by Christina Randazzo, Esq.
While I have written previously about the rarity of the truly uncontested divorce, it does happen that sometimes a separating couple is able to sit down together and work through the details of their separation without any outside help. Now the question is, what do you do with that piece of paper on which you scribbled out your agreement?
To protect your interests and insure your rights, your arrangement should be formalized into a Separation Agreement. In New York, when properly prepared and executed, a Separation Agreement is a binding contract and can be enforced if either party fails to comply with its terms. The piece of paper you both went over at the kitchen table is most likely not enforceable as it probably does not meet the requirements of a binding contract under the law. A Separation Agreement should be comprehensive and address all issues relevant to your separation, including addressing child custody and child support, maintenance, the marital home, division of marital property, allocation of marital debt, distribution of retirement assets, etc. It also must be signed before a notary by each of you and meet certain other requirements set forth in the law.
Once a Separation Agreement has been prepared and signed by each party before a notary, you can choose to go no further with the process, or either party at any time can file for a divorce and ask the court to incorporate the Separation Agreement into the final Judgment of Divorce. The Separation Agreement will then become not just a binding contract but an order of the court as to the terms of your divorce.
For some individuals, the only reason you want to get a lawyer involved in your divorce or separation is to make sure you have thought of everything and to make sure it is done correctly. The bottom line is you want to save time and money, but want the peace of mind of an attorney’s knowledge and experience without making the situation overly complicated. For some, where a splitting couple is able to reach compromises and agreements between the two of them, it is possible for an attorney to be involved simply to advise you and prepare the paperwork.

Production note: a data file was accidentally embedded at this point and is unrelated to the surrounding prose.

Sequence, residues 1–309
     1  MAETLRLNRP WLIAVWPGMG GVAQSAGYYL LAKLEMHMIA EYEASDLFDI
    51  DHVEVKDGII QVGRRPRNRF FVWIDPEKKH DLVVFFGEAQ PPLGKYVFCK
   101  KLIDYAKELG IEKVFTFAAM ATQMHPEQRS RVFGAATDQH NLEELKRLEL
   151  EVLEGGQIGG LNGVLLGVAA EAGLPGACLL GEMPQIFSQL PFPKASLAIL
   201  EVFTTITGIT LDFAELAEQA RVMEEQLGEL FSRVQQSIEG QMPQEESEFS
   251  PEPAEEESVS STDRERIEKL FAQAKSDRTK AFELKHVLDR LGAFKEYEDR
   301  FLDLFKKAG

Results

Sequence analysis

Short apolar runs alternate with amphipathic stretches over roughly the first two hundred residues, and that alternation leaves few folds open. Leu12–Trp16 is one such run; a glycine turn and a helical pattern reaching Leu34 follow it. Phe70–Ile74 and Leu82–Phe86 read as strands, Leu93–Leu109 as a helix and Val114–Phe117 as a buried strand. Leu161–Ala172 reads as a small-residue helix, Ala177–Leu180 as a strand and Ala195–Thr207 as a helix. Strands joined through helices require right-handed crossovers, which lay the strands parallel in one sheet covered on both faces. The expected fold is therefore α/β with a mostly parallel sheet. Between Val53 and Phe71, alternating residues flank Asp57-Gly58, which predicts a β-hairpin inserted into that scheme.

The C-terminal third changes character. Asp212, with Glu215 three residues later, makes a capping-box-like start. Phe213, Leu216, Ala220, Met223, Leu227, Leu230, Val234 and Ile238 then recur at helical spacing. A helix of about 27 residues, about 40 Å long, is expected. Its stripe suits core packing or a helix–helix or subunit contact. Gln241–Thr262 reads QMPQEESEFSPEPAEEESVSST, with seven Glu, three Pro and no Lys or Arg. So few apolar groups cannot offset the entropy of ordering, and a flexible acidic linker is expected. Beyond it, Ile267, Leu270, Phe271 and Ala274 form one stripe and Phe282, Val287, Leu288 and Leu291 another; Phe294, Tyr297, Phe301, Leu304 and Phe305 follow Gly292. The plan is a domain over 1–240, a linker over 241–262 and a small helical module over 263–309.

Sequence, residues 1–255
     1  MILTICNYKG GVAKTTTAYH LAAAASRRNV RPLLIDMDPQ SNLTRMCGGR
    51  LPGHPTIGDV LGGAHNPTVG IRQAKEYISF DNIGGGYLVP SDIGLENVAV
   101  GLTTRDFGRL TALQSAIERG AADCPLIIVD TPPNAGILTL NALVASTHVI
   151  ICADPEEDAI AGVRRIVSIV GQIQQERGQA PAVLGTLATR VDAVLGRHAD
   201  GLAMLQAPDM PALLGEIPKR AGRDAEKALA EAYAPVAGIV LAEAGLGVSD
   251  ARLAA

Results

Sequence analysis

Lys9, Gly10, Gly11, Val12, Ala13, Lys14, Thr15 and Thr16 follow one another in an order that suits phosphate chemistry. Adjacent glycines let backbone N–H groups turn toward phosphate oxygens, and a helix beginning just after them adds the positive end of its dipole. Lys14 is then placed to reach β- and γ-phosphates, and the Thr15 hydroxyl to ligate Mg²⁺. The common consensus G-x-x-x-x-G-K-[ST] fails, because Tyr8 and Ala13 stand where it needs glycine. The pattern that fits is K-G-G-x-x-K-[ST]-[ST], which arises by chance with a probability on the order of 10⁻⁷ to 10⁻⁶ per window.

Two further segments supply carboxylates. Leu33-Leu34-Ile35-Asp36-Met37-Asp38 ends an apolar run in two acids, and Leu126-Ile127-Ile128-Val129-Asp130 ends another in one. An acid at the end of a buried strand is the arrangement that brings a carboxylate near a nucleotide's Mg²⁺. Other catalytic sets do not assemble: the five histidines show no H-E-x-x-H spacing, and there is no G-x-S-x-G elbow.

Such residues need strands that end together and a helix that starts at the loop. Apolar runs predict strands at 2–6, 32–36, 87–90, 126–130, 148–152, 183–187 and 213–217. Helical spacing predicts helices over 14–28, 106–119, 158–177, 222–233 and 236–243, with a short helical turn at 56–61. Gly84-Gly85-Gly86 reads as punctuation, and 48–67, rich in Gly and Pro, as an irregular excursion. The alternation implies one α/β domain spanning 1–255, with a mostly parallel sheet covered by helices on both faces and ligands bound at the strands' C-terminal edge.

If this describes your situation, one caveat you should be aware of is that an attorney cannot represent both parties if a couple is divorcing or separating. Your attorney will only represent you and your interests and cannot advise your spouse. Your spouse may retain his/her/their own counsel or may choose not to be represented in the process.
If you would like to have a Separation Agreement prepared or reviewed, or would like to discuss your unique situation, click here to contact me.
by Christina Randazzo, Esq.
So you've been served with a Summons for divorce or a Petition in Family Court in New York State - what should you do now? Call an attorney.
I know that answer seems a bit self-serving coming from a family law lawyer, but it is truly the smartest thing you can do for yourself right now. You may think you can't afford an attorney or you may think talking to an attorney will only complicate the situation, but it doesn't hurt to at least have a consultation with an attorney experienced in divorce or family law so that you know the proper way to proceed. Then you can make an informed decision about whether to hire counsel or go it alone. The worst options are to ignore the situation, assume you and the petitioner/plaintiff will be able to work it out, or assume the judge will be on your side once she/he hears your story. The consequences can be catastrophic.
Every attorney I know who practices in this area has received a call from someone desperately seeking advice because the person just appeared in court and isn't sure what just happened, or because they signed an agreement or consented to an order, didn't fully understand it, and now regret it. It is almost always more expensive and time consuming (and not always possible) to try to put right these situations than it is to have an attorney guiding you from the outset. Don't do that to yourself - at the very least, speak to an experienced attorney as soon as you are served and let yourself be informed about what will be involved.
If you are served with a Summons and Complaint in a New York Supreme Court for a divorce, you typically have 20 days (but sometimes longer) to respond by filing an Answer. Failing to respond timely can result in a default judgment against you, meaning you may lose your right to defend yourself in the action or to put forth your own claims.
If you are served with a Petition in a New York Family Court, typically you will be given a court date on which to appear. A Petition in Family Court may relate to custody of a child, child support, spousal maintenance, or even a restraining order. Failure to appear can result in a default judgment against you, meaning you might be handing a victory to the petitioner regarding whatever relief he/she is seeking against you at great consequence to you. If it is impossible for you to appear on the court date you are given for good reason, it is possible to ask for another date and the court will usually accommodate your request. Don't assume you have no options.